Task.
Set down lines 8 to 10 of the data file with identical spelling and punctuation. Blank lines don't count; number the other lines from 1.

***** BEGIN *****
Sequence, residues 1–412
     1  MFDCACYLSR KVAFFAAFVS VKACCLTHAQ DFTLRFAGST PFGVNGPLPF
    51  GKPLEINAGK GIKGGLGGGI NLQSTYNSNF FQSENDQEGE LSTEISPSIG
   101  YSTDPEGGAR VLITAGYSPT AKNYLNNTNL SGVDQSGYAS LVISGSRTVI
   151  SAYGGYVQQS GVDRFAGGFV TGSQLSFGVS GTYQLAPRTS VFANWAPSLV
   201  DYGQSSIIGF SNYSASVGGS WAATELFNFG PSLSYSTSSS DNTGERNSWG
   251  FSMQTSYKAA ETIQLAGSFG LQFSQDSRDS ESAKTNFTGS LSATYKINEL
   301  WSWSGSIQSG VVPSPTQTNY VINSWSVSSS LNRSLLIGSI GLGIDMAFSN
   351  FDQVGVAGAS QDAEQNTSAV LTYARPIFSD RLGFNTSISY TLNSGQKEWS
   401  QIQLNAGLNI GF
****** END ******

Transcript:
   301  WSWSGSIQSG VVPSPTQTNY VINSWSVSSS LNRSLLIGSI GLGIDMAFSN
   351  FDQVGVAGAS QDAEQNTSAV LTYARPIFSD RLGFNTSISY TLNSGQKEWS
   401  QIQLNAGLNI GF